The issue is not can you be kind, but will you? And again, why won’t you be kind? When your colleagues, describe you, would they label you as a kind person? How important is it to you that you are considered a kind person?
A friend once stopped a few children from stoning newborn pups for fun. She wondered what it was that gave them pleasure to watch another creature’s pain. The same woman also noticed people lining up at mid-day at the height of summer and bought bottles of ice water for every single person in the queue. Being kind was one of her core values which she practised every day. Now that we know that kindness like this is wired into us, can we also teach children to be kind? A toddler who sees his mother speaking nicely to the maid; making a cup of tea for her when she is washing clothes or mopping; or who shops for her neighbour, also teaches her child how to be kind. When she says “Maya” [the maid] is hanging out clothes. Go and give her this cup of tea,” the child learns not just about being kind to the maid, but how to as well. When the mother says, “Now let’s find the box of cereal for aunty Seema who is sick and can’t go to the shops today,” she is teaching her child how to be kind and who to be kind to.
The father who repairs the watchman’s cycle shows his child that he is not too busy or important to help the man at the gate. In school, the teacher who takes the extra time and trouble to help a slow learner, or one who has missed class for whatever reason is often described as a kind teacher.
A good kindness lesson could be to take children to a market or supermarket for half an hour and ask them to just observe who needs help. Was it the large lady who could hardly walk? Or the mother with two active children? Or the old man walking slowly? Or the sales girls? Or the person who dropped all the apples? Then ask them how they would help each person? Take them again to the same place a few weeks later and see if the kindness gene in them will come alive!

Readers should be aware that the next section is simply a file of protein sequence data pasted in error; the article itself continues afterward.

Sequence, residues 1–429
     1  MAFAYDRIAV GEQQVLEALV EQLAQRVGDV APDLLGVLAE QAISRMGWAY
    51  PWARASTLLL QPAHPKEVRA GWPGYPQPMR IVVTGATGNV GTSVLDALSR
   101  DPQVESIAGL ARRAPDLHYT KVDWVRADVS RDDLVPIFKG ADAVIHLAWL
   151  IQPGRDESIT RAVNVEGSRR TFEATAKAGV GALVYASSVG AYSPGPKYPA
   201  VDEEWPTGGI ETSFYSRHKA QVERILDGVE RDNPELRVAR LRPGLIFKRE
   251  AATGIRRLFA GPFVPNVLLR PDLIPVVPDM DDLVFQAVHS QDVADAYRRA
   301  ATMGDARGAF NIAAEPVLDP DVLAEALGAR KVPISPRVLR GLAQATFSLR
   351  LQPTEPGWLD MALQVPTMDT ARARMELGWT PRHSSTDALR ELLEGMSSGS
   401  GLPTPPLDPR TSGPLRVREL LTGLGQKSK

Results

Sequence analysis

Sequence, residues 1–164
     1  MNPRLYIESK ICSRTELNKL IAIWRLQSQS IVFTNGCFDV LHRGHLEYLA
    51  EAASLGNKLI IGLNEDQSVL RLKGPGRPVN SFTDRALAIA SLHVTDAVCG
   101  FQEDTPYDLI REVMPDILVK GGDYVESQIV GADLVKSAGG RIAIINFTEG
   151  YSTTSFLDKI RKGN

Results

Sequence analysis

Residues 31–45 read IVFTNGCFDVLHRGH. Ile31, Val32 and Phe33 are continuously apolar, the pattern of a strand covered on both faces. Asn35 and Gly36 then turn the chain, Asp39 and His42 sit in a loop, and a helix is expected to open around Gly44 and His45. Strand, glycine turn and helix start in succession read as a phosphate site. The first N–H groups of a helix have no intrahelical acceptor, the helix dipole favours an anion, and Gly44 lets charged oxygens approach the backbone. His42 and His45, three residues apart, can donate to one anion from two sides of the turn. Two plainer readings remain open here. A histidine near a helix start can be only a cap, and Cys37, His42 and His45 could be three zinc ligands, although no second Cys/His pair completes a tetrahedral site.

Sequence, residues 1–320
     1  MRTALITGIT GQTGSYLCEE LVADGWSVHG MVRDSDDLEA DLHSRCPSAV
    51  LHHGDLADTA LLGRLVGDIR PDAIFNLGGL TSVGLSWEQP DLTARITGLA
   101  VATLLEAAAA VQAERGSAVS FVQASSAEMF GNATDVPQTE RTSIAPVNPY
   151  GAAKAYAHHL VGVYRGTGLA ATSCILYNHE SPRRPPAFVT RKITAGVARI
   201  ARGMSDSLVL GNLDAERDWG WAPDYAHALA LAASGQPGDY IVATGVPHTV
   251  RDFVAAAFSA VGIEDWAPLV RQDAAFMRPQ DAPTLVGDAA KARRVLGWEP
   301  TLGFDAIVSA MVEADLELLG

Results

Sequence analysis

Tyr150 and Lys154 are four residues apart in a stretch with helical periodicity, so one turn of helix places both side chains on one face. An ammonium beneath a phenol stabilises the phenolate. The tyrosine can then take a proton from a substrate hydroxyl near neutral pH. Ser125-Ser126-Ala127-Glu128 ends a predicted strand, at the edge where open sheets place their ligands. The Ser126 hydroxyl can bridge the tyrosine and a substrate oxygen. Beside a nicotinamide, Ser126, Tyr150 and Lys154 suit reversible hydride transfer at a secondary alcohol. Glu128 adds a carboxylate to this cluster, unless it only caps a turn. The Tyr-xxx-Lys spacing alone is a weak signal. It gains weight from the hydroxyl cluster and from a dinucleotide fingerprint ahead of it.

The teacher can also go with the children during break to the playground specifically to see who needs a little kindness. Was it the boy playing by himself, or the girl pushed to the ground by someone walking fast, or someone without a snack? Then talk in class about how you can be kind to the people the class observed.
Kindness is also what we say to each other. When you know that Veena’s mother has been sick, ask Veena, “How is your mother? Please tell her I have been thinking about her. Is there anything I can do to help? ” In Veena’s mind, you have become a kind teacher. When Veena knows that someone is sick in her class or neighbourhood, she will say the same thing.
Many teachers think that they are exempt from saying I’m sorry, please, and thank you. In a group one can usually guess who the teacher is by the tone of their voice and the way they say, “Go and get me this….”
A teacher who points her finger at a child and says, “You, begin reading from page 3…..” is so different from the one who says, “Sumathi, please open your book to page 3.” The latter reeks of kindness because of the words and tone used.
When Avinash rushes to pick up your pen which has fallen, don’t just take it in your hurry to finish the notes. Say, “Thank you, Avinash, how kind of you.” He may have just been bored and picked up your pen to divert his attention, but you are singling it out as a kind act – and that makes the difference.
A lot of kindness is spread through just a smile. Teachers who smile a lot are always thought of as kind teachers!
Kindness like everything else is a habit. The more you practice it, the better you become at it. The more you look out for people in distress who need your help and do something, the kinder a person you will be.
Get the children to say and do two kind things to the person sitting next to them.
Eg. I like you sitting next to me because you help me.
You always choose me to be in your team. Thank you.
Have a kindness day once a week where each pupil says a little about someone who was kind to them that week. Have the class applaud the kind person.
Mini Krishnan is Editor, Translation, OUP and Series Editor, Living in Harmony, the OUP Peace and Value Education programme. She can be reached at email@example.com.
Usha Jesudasan is an educational consultant for several schools in Tamil Nadu. She is a writer and co-author of the value education series Living in Harmony. She is also a family counsellor. She can be reached at firstname.lastname@example.org.